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Fans of the Mars water bomber watch as one releases its load of water over Burrard Inlet in Vancouver on January 17, 2008. The aircraft are the biggest water bombers in the world.John Lehmann/The Globe and Mail

When lightning struck a single tree on Okanagan Mountain in 2003, sparking a fire that incinerated the forested slope and forced thousands of people out of their homes, residents waited anxiously for the Mars water bombers.

The enormous fat-bellied aircraft stationed on Vancouver Island are the biggest water bombers in the world. In a province where forest fires can be devastating, the sight of the red-and-white behemoths has provided residents with some relief. Many were upset when the last of the planes – the Hawaii Mars – was decommissioned last fall.

Now, with hot and dry conditions igniting blazes across the province, some people want the Hawaii Mars brought back into action rather sitting uselessly in a parking lot.

"It's disappointing that we're bringing in air resources from other provinces … and here we have this resource not being used," said Chris Alemany, a computer technician from Port Alberni, B.C., where the water bombers are based.

Mr. Alemany delivered a petition bearing 18,000 signatures to Premier Christy Clark's constituency office on Thursday that calls for the province to renew its contract with the Coulson Group, which owns the water bombers.

However, the government says the Fire Boss amphibious airtankers it is using have advantages over the massive Mars machines.

For one, the Mars bombers cannot drop long-term fire retardant, which is vital for slowing a blaze's growth while ground crews work to contain it.

And because of their size, the Mars bombers can skim from only 113 of B.C.'s bodies of water, whereas the sleeker Fire Bosses can scoop from more than 1,700.

But Wayne Coulson, the president and chief executive officer of Coulson Group, argues that the province should aim for variety in its bag of tricks.

"Because this business is really reactive, you need all different types of tools," said Mr. Coulson, whose company bought the last two remaining Mars bombers in 2007.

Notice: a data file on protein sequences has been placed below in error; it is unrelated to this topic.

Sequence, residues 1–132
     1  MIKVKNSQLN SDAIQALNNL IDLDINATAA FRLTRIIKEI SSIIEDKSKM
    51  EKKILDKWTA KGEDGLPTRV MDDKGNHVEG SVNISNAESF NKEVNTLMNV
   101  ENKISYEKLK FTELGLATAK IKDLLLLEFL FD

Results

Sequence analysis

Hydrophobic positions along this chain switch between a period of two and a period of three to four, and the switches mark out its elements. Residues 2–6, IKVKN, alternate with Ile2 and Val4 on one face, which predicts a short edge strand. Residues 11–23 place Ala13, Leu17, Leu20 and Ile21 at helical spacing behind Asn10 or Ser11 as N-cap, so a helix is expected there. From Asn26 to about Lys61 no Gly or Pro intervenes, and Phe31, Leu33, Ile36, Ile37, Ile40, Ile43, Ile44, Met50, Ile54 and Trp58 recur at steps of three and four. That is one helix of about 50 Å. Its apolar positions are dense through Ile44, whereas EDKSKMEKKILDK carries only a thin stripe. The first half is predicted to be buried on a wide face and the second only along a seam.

"If you have the resources, why not use them? I think that's what people are frustrated with.

"Why wouldn't we want to give ourselves, and the firefighters on the ground, the best chance possible to put the fire out?"

Mr. Coulson said he first saw the planes in action when he was 17 and they were used to help extinguish a fire at Strathcona Provincial Park.

"The airplanes came in and put the fire out in two drops," he recalls. " I have always been impressed by their ability to knock out a wildfire."

The original fleet of five Martin Mars aircraft got their start as seaplanes carrying cargo for the U.S. navy before they were retired in 1956.

A year or so later, a consortium of Canadian companies bought the planes and converted them to water bombers. They can unload 27,000 litres of water in a single run – enough to cover four acres of land.

Three of the original planes were destroyed, leaving only the Hawaii Mars and the Philippine Mars intact. TimberWest, the forest company that owned them, put them up for sale in 2007, which is when Coulson Group snatched them up.

Over the next seven years, the Hawaii Mars was dispatched to fires on contract in B.C. and California, while the Philippine Mars sat idle.

But the B.C. government says the Mars bombers are not as cost effective as the alternatives, and without generating income, keeping them air ready is too costly for Mr. Coulson.

He says he will likely sell them to a museum, or a private collector.

It appears that at 68, the bombers are headed for retirement.